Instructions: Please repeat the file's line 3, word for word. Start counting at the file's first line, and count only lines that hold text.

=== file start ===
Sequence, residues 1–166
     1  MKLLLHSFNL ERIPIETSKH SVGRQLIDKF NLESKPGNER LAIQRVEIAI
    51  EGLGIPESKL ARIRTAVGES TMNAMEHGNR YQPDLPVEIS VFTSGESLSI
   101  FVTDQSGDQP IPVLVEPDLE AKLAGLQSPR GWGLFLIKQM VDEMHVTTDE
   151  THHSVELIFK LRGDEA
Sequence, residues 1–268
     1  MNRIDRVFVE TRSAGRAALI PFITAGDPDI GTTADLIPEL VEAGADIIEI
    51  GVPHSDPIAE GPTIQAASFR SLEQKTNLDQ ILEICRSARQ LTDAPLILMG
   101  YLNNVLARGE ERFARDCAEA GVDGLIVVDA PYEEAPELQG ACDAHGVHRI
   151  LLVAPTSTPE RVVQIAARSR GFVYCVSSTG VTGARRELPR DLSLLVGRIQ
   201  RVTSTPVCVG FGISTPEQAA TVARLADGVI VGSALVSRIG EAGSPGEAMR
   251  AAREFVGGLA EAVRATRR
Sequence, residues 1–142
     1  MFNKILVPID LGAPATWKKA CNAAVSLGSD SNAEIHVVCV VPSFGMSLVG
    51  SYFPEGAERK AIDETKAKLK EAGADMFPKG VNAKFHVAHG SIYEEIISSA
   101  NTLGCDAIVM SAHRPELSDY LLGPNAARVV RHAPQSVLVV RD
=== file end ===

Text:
    51  EGLGIPESKL ARIRTAVGES TMNAMEHGNR YQPDLPVEIS VFTSGESLSI